According to a recent report produced through a collaboration of the Stone Barns Center for Food and Agriculture and investors with Armonia, Bonterra Partners and SLM, the US grass fed beef market is estimated to be worth $4 billion at retail and food service – a mere 4% of the total US beef market. Of this, only about $1 billion comes from products actually labeled as grass fed – the remaining is consumed unknowingly as part of a mix with fattier conventional beef trim in ground beef.
Even though that doesn’t sound like much, grass fed beef has significant potential as illustrated by its rapid growth at retail, which Nielsen data shows has double year over year from $17 million in 2012 to $272 million in 2016.
Industry players, including grass fed beef manufacturer and supplier Verde, predict this trend will continue and could capture as much as 5-6% of market share in the next five years. But, they acknowledge that in order for grass fed beef to reach its full potential, it needs to overcome significant challenges, including market confusion about the definition of grass fed beef, uneven quality production, consumer awareness and premium pricing that can reach upwards of 70% more than conventional alternatives.
In this episode of FoodNavigator-USA’s Soup-To-Nuts podcast, Verde’s Vice President of Marketing Pete Lewis explains how grass fed beef has emerged from a niche claim to one that now appears on mainstream products, such as Slim Jim. He also acknowledges that while 80% of consumers have heard the claim – far fewer have tried it. With this in mind, he walks through what is holding back shoppers – and the category – and what it will take to get more people to put grass fed beef in their carts.
Flavor, experience, health and animal welfare drive consumer interest
Lewis explains that US consumer interest in grass fed beef in many ways mirrors that of the founder of Verde, who discovered grass fed beef in 2005 and was wowed by its flavor and the ethos that surrounded the idea of free-range cows foraging their food and living the way nature intended.
CEO and Founder Dana Ehrlich discovered grass fed beef while on a ride with cowboys in South America and “it just really struck a chord as very memorable … then he came back home and he went to a steak house and had really the opposite experience – he had a bad steak,” Lewis explained.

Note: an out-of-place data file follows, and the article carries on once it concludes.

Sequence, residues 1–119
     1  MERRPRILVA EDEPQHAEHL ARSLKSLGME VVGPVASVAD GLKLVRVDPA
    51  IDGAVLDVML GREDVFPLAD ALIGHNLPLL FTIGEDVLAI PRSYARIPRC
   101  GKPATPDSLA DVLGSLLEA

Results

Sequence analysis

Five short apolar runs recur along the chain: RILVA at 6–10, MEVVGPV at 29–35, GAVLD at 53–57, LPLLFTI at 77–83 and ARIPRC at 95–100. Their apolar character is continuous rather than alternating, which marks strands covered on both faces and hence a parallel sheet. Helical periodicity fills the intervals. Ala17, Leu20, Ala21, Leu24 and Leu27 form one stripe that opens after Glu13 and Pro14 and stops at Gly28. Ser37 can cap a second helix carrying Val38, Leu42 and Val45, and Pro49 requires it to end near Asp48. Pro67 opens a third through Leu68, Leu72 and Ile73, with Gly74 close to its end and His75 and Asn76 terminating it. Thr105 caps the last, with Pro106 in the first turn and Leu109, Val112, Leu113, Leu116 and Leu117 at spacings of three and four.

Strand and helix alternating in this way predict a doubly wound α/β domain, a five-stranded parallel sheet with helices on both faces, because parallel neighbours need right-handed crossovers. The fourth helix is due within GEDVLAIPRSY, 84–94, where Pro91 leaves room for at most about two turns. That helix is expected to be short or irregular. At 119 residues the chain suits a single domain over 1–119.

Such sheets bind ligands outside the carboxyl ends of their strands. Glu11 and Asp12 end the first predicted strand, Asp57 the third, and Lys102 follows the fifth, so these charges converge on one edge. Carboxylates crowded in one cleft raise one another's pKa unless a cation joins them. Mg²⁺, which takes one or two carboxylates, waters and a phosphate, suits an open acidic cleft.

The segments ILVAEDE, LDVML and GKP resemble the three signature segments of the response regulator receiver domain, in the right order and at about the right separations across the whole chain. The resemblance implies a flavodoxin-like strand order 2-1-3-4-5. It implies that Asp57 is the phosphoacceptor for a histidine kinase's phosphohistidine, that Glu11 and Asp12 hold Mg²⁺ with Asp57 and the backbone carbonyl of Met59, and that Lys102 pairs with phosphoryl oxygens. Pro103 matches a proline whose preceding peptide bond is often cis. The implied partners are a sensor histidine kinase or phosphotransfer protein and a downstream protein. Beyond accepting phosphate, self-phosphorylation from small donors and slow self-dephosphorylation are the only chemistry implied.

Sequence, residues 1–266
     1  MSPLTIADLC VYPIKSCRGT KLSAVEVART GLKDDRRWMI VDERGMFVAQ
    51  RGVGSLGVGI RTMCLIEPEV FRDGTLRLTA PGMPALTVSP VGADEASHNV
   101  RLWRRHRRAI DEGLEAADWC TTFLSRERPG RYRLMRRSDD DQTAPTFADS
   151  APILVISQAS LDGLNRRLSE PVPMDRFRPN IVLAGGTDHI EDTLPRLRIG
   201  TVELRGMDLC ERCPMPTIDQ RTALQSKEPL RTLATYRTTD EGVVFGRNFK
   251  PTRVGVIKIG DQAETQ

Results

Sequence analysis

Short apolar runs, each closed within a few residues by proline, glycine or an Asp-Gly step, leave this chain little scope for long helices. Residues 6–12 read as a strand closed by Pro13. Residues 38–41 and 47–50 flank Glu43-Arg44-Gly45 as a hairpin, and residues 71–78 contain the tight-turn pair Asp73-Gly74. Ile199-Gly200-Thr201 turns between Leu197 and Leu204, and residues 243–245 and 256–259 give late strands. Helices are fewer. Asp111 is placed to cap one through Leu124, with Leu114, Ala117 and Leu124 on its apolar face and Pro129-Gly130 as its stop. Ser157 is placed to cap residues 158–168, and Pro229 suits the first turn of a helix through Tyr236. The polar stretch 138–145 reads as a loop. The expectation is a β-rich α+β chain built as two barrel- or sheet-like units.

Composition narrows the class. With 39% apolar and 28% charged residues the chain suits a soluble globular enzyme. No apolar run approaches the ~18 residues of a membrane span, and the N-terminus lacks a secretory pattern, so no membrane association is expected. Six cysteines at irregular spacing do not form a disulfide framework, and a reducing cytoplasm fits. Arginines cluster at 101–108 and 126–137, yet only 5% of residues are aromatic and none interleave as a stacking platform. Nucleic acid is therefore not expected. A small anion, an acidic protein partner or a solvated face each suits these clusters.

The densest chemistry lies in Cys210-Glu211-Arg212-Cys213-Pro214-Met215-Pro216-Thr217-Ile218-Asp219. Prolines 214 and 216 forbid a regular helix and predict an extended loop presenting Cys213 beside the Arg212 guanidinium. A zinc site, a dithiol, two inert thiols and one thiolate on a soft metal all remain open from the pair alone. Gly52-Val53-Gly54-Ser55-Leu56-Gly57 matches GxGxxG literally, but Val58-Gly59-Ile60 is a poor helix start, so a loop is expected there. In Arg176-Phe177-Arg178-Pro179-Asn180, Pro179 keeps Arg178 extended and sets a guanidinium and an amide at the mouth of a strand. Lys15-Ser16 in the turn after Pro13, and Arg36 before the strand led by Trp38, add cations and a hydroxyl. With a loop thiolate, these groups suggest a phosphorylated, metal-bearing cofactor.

Ehrlich investigated the difference and discovered that at the time there was no major importer of grass fed beef – so he decided to change that. He built a supply line that now services many major grocery retailers and supplies his company’s branded products, Lewis said.
Grass fed beef will follow the path of organic dairy
With a ready supply chain, Lewis also predicts that the growing popularity of grass fed will follow the same arch as organic dairy.
“Grass fed beef is growing rapidly and has been for years – sustained double digit growth for over five years, and while it is a smaller base, it is really finding an opportunity similar to organic dairy,” which is now about 10% the volume or dollar share on the fluid side, Lewis said. He added that many major retailers already sell that much or more, and it is only a short matter of time before the entire market share is lifted – especially given 80% of consumers have now heard of grass fed, even if most have not tried it.
Price is a top barrier to expanding grass fed beef sales
One of the major reasons for the discrepancy between consumer awareness of grass fed beef and trial is price, according to Lewis. Indeed, Nielsen data shows in 2016 grass fed beef cost 71% more than conventional beef at the retail level. This is higher than even organic, which as 63% more expensive than conventional at that time.
According to the Stone Barns Center for Food and Agriculture the high price of grass fed beef can be attributed in part to inefficient supply chain as well as a longer production cycle than conventional beef.